Pampered passengers produce up to 7.7 pounds of consumer waste per person per day, from supersoft toilet paper to plastic water bottles. Many ships shred their plastic to save space, but some take advantage of the difficulty in monitoring ocean microplastics to discard it with treated sewage and greywater. Because cruise ships tend to concentrate their activities in specific coastal areas and visit the same ports, their cumulative impact on a locality can be significant. In US coastal waters, the Coast Guard has regulations prohibiting the discharge of oil or oily mixtures into the sea within 12 nautical miles (22 km) of the nearest land, except under limited conditions. However, because most cruise lines are foreign registered and because the rule only applies to foreign ships within U.S. navigable waters, the regulations have little effect on cruise ship operations.
In 2015, the MV Zenith, owned by a Spanish subsidiary of Royal Caribbean, dropped anchor near a reef off Grand Cayman. Actually, it was more like “dragged anchor.” The anchor chain “draped across the entire reef, constantly moving back and forth.” The damage was immeasurable. In 2017, MV Noble Caledonia ran aground on an Indonesian reef, removing 1,600 square meters — about 17,200 square feet — of coral. Were it not that corals are declining worldwide due to climate change, the reef might repair itself in 100 years. Now the damage is permanent on any timescales humans can fathom. And these are only among the incidents we know about.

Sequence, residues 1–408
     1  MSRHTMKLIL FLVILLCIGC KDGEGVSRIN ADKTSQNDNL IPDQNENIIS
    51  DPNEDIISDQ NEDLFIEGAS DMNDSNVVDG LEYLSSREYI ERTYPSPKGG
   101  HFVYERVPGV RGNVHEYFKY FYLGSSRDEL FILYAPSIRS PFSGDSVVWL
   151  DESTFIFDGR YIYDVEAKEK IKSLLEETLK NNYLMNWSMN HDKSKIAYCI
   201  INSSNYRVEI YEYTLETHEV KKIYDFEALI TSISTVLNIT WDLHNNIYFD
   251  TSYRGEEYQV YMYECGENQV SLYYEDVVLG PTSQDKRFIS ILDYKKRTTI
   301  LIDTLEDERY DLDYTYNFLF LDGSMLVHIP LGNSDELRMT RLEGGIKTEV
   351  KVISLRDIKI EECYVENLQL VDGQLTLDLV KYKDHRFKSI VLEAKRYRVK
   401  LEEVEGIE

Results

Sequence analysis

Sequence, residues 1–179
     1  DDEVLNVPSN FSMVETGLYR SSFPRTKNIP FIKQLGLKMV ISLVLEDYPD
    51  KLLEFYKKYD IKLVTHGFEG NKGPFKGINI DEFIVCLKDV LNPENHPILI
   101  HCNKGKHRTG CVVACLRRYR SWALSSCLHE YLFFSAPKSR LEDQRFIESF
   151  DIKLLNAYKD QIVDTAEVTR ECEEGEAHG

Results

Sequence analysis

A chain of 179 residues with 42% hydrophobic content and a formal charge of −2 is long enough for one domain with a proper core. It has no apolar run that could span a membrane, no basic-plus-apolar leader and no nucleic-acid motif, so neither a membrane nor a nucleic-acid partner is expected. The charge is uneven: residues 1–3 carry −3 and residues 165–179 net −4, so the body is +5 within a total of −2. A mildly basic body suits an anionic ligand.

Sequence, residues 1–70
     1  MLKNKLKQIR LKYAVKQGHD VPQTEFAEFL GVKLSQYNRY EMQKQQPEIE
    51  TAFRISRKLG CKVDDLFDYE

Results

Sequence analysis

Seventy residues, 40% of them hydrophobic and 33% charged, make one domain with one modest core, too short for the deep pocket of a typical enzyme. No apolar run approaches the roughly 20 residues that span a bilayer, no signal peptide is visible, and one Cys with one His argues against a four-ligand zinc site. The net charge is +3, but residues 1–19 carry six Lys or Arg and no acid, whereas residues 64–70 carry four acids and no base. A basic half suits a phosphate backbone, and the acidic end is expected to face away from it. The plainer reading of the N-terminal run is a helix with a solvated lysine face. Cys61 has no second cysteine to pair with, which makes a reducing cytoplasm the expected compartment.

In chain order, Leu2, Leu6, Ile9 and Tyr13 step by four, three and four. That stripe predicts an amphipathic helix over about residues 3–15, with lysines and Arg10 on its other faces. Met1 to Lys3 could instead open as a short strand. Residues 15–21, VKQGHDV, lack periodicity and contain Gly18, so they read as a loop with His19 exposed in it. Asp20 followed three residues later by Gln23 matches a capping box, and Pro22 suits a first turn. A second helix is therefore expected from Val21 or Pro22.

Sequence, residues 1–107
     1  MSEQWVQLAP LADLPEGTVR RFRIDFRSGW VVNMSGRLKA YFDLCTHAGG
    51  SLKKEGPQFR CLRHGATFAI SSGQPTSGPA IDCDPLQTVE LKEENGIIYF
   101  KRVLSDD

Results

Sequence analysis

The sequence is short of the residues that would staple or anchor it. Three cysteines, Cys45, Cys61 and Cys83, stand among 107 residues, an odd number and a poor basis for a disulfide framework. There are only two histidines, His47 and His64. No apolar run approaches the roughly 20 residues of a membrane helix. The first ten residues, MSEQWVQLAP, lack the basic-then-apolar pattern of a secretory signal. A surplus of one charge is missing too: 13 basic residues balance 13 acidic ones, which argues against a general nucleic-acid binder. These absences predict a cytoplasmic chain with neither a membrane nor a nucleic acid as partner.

What cruise ships are really about is legal rape of the environment by the wealthiest countries and their one-percenters. Each passenger’s carbon footprint while cruising is roughly three times what it would be on land.
Overpaid or financially independent, the average cruise taker is not a pensioned postal worker, but a 30- to 39-year-old pulling down a high five- or low six-digit annual salary. In wealthy countries where governments tell their citizens to fear and revile other peoples and places, cruise lines offer the illusion of secure vacation travel. If you don’t want the risk or hassle of booking hotels, rental cars, tour guides and restaurants in unfamiliar destinations with a language you don’t speak and a culture you little understand, or care to, then for about the same price as an economy flight and all-inclusive resort you can get all that taken care of and have the security of familiar, unchanging culture constantly surrounding you. So what if your unchanging culture is the worst form of throwaway consumerism? So what if it is killing sea birds, whales, and dolphins? So what if you are flouting the Paris Agreement (which cruise lines finagled their own special exemption to)? So what if by purchasing your ticket you enter a tacit agreement to end homo sapiens evolutionary line this century? You only live once, right?
Tell that to your grandchildren.